To compare the effectiveness of this method, the same number of training and test samples were extracted by three other feature extraction methods which are LMD and sample entropy method, LMD and approximate entropy method, MSE method, and then three SVMs were trained and test by the same way. The recognition results are also listed in Table 2. We can kown that not only the accuracy of each state but also the total accuracy of the method used in this paper are higher than those of three other feature extraction methods. MSE calculates sample entropy over a range of scales, and gives a more detailed measure of complexity compare to sample entropy and approximate entropy; furthermore the proposed method has selection of scale factor, so it outperforms the combination for LMD with sample entropy and approximate entropy respectively. The state features in the first several PFs of LMD decomposition results are more highlighted than those in original signal, so the combination between LMD and MSE is superior to the single MSE method.

Table 1. The results comparison between MSE and sample entropy

Feature extraction method
Clearance states
AVD
Normal
Slight
Medium
Severe
LMD and MSE
PF1
0.335±0.023
0.437±0.026
0.394±0.017
0.287±0.012
0.445±0.039
PF2
1.405±0.047
1.289±0.045
1.673±0.042
1.033±0.043
PF3
1.267±0.039
1.496±0.053
1.692±0.045
1.105±0.033
PF4
1.007±0.033
1.263±0.035
0.623±0.013
0.862±0.024
LMD and SampEn
PF1
0.328±0.041
0.436±0.054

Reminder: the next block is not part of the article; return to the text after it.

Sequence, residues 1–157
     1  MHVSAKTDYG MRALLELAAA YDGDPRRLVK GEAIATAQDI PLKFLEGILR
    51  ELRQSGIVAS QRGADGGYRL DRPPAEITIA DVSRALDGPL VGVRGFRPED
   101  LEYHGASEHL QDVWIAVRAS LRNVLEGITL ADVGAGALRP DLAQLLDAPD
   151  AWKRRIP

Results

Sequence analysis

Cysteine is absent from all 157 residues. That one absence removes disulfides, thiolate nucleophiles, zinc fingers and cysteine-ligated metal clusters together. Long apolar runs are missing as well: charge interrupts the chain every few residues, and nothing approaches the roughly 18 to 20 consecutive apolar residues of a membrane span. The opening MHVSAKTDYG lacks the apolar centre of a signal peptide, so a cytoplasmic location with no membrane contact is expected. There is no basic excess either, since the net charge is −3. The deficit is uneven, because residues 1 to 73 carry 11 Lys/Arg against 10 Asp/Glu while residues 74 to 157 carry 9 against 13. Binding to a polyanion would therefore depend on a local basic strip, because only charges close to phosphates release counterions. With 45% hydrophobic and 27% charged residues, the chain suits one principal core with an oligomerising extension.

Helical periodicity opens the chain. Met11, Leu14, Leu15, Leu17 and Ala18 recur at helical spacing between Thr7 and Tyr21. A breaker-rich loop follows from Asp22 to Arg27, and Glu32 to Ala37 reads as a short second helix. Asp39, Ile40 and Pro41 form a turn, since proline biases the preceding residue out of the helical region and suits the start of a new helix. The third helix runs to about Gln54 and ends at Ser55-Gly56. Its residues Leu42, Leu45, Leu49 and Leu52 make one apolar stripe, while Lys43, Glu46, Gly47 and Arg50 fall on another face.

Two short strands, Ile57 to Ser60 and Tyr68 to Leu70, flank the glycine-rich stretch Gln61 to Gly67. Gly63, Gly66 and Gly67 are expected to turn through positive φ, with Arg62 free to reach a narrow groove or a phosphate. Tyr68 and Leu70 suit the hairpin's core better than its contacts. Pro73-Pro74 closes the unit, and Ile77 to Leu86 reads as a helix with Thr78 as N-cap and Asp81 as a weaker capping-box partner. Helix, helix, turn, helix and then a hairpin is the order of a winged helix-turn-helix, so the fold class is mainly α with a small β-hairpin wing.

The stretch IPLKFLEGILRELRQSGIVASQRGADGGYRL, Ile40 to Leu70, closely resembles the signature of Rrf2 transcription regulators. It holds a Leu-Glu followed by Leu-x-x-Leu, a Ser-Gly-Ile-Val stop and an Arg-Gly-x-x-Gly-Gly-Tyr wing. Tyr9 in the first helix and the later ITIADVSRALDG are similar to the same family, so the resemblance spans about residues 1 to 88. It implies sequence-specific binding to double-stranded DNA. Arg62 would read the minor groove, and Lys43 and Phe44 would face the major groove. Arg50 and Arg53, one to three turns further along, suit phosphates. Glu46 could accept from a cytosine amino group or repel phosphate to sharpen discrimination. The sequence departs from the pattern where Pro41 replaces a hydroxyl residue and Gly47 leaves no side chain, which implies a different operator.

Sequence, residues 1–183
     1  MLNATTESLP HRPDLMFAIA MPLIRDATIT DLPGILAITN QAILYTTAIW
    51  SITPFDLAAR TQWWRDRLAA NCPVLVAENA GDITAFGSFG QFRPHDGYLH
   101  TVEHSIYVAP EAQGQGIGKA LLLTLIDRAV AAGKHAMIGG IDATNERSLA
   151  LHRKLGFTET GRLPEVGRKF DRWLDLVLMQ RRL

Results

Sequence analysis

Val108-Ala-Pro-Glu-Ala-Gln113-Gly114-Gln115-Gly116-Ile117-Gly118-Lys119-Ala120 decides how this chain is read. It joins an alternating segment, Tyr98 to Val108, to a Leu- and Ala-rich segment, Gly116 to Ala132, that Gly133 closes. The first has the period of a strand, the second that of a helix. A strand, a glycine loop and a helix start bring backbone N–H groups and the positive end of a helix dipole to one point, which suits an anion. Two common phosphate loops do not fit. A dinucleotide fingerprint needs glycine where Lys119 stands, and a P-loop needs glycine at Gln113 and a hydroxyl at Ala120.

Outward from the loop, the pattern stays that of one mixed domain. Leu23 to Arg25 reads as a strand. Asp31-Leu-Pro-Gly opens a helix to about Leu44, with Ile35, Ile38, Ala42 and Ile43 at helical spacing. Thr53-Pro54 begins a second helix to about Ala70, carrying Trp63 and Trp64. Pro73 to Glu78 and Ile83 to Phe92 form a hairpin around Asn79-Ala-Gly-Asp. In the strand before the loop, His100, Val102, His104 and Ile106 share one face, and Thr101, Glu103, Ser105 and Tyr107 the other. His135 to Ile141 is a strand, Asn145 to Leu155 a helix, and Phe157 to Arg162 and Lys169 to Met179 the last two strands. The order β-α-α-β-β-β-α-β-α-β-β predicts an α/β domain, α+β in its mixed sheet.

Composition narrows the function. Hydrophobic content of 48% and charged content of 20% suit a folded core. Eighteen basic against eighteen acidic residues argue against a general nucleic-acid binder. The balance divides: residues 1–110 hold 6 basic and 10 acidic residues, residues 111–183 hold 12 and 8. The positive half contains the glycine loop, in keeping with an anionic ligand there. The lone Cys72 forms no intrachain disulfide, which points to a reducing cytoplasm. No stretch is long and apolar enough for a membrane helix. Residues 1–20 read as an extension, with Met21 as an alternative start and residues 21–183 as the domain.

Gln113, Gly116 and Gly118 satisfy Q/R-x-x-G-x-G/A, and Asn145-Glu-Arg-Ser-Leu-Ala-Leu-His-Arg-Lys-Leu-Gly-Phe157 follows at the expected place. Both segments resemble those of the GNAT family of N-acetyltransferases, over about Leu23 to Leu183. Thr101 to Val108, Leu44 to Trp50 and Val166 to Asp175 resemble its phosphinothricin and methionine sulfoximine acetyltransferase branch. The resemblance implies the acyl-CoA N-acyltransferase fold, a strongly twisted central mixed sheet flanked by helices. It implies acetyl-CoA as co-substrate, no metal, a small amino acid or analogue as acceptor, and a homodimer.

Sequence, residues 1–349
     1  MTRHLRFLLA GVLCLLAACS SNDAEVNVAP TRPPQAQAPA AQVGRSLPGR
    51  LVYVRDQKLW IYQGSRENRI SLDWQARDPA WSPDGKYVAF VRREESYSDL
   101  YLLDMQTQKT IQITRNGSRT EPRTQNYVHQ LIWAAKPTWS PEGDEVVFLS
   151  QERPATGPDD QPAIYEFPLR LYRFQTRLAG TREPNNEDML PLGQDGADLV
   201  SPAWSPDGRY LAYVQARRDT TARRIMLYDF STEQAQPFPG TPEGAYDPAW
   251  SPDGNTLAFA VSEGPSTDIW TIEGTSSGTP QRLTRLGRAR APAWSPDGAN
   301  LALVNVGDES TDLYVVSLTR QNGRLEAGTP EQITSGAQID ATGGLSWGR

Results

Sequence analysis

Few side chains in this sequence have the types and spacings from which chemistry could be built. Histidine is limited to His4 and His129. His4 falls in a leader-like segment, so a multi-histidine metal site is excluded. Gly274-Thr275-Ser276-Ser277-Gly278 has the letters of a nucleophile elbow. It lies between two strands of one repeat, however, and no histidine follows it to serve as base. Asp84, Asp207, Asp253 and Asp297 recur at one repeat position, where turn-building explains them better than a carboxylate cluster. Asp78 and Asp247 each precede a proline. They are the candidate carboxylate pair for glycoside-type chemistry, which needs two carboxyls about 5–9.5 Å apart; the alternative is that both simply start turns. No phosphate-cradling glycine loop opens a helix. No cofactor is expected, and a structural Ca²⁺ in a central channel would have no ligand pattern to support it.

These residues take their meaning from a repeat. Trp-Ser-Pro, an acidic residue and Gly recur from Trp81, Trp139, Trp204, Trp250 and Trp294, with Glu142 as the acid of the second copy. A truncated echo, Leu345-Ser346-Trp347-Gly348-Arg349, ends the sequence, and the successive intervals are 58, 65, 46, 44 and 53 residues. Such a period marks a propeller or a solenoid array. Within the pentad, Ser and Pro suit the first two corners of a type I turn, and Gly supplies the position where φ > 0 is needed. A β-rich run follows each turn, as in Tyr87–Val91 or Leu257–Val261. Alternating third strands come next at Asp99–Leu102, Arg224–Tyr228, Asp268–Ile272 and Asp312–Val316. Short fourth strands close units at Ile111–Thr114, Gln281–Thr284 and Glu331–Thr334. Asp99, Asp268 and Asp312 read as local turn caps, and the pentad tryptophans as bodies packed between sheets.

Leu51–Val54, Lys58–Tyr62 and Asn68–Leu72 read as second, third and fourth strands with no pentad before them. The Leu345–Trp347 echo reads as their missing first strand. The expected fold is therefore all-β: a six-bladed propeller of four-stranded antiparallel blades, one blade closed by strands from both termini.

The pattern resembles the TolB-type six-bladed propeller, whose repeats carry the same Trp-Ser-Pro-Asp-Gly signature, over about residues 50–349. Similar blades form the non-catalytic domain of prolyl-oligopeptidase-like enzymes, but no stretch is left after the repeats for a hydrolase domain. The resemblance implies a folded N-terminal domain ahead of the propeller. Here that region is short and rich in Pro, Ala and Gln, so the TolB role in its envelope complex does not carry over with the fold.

0.426±0.064
0.531±0.051
0.344±0.047
PF2
0.228±0.032
0.467±0.043
0.343±0.051
0.533±0.054
PF3
0.428±0.040
0.321±0.051
0.583±0.06
0.327±0.057
PF4
0.250±0.056
0.543±0.053
0.438±0.042
0.194±0.043

Table 2. The recognition accuracy comparison between different methods

Feature extraction method
Clearance states
Total accuracy (%)
Normal
Slight
Medium
Severe
Misclassification and accuracy (%)
Misclassification and accuracy (%)
Misclassification and accuracy (%)
Misclassification and accuracy (%)
LMD and MSE
1
97.5
2
95.0
3
92.5
3
95.0
95.0
LMD and SampEn
2
95.0
4
90.0
3
92.5
4
90.0
91.8
LMD and AppEn
4
90.0
4
90.0
3
92.5
3
92.5
91.2
MSE
3
92.5
3
92.5
3
92.5
4
90.0
91.8

6. Conclusions

This paper presents a feature extraction method based on LMD and MSE, and it is applied for the fault diagnosis of reciprocating compressor at different bearing clearance states.

1) In the proposed method, LMD was used to decompose signal into a set of PF components, and the correlation coefficient was used to select the highlighted PF components which contain major state information.

2) The MSE values were calculated for all selected PF components, and the AVD was emplyed as a standard to find the scale factor of which the MSE values has the best divisibility between different fault states.

3) This method was applied for the fault diagnosis of reciprocating compressor at different bearing clearance states, and the effectiveness of this method is verfied by the recognition results of SVM compare to three other feature extraction methods.

Acknowledgements

This work was partly supported by the School Cultivate Fund of Northeast Petroleum University in China (XN2014105) and Natural Science Foundation of Heilongjiang Province in China (E2015037).